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Though the October 15 issue of the Standard Bearer is commonly considered our Reformation issue, we trust November 1 comes close enough to Reformation Day (October 31) to justify another editorial dealing with an aspect of our ongoing controversy with Rome.

The title of this editorial is occasioned by an article recently written by the well-known Dr. Mouw in The Christian Century Magazine, the May 15, 2007 issue, entitled “Communion with the Saints.” It is an article that, though presented in a somewhat whimsical, lighthearted fashion, deals with the weighty and historically divisive issue of Rome’s practice of praying to the saints.

Dr. Mouw’s delightful articles are almost always a good read. He has a way with words. So in this article, beginning already with his title. It is what one might call a double entrée. As becomes clear in his article, Dr. Mouw is not so much interested in “communing with the saints” (namely, praying to various saints in glory), as he is concerned with the “communion of the saints,” namely, relationships between ‘Christians’ living now on earth. And so the ‘saints’ that Dr. Mouw primarily has in mind are we Protestants and our Roman Catholic counterparts. What has happened to our communion on earth? Is it not regrettable that such a secondary matter as prayers to the saints should stand between good saints on earth all these years?

What becomes plain from the article is that you can add the name of Dr. Mouw to the pile of Protestants of ‘name’ who are set upon renewing ecclesiastical relationships with Rome. Dr. Mouw has decided to lend his considerable charm, writing ability, and place of influence (President of Fuller Theological Seminary) to this common cause, thereby adding his considerable weight to doing his ‘little part’ in working towards reunification between ‘estranged brethren.’ Not that he expects this to take place all at once, of course. That would be unrealistic. Dialogue must take place first, suspicions must be allayed (knowledgeable church leaders taking the lead here), and things that have sadly divided us as Protestants and Roman Catholics must be addressed one by one, so that in time they can be laid to rest. This the good Doctor sets about to do in the matter of prayers to the saints. And he does so in the most irenic of spirits, as you might expect, which simply makes the article that much more troubling as far as we are concerned.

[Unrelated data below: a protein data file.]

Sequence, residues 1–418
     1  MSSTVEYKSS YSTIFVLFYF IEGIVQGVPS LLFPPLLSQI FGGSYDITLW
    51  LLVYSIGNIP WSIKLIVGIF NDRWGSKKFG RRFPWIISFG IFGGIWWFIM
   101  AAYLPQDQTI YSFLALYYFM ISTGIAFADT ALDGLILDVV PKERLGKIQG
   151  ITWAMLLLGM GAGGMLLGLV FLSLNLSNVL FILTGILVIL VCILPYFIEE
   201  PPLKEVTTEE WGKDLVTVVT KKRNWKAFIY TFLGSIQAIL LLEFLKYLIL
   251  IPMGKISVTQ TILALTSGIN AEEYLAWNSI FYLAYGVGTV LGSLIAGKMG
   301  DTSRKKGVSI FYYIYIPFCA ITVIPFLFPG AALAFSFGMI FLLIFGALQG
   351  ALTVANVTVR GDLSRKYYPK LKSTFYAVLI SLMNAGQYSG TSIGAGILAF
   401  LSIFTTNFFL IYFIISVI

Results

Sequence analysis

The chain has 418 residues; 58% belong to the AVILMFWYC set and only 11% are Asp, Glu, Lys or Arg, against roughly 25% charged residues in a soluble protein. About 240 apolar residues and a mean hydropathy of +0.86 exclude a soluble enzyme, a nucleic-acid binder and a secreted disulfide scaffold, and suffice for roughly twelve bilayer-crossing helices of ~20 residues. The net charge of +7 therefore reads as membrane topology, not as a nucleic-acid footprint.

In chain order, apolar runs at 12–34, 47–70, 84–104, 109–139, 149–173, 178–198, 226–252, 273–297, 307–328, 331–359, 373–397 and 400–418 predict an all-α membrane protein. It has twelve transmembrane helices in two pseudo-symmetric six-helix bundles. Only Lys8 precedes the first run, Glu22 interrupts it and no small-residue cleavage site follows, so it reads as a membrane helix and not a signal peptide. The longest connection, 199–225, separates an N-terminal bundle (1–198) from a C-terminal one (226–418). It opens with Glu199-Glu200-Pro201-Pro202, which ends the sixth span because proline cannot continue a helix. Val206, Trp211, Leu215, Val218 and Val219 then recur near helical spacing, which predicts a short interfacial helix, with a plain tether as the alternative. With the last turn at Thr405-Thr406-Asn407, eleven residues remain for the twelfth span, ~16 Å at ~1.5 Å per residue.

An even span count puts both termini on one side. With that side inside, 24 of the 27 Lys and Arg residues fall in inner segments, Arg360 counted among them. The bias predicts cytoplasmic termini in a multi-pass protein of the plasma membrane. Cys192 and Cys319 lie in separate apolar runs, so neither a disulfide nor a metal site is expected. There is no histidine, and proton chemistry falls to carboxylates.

In a most disarming manner Dr. Mouw suggests that perhaps praying to departed saints is not so unspiritual (and evil) as we Protestants have tended to view it. Dr. Mouw briefly traces his own development in learning to appreciate this long-standing Romish practice. Early on in his career he firmly opposed it, viewing it as bordering on idolatry. And, be assured, even now he still worries “that focusing on the saints in heaven can draw attention away from the God who alone is worthy of worship.” Still, over the years, his judgment has softened. Perhaps, as an astute Romish theologian pointed out, it is really a case of differing perspectives: Protestants tend to think more in terms of soteriology (salvation), while Catholics tend to think in terms of ecclesiology (the church); and so the one group of Christians turns naturally in prayer to Jesus our only Savior, while the other group turns to thoughts of fellowshipping with the saints. Primarily it is a matter of perspective. As a result we tend to talk past each other. So simple!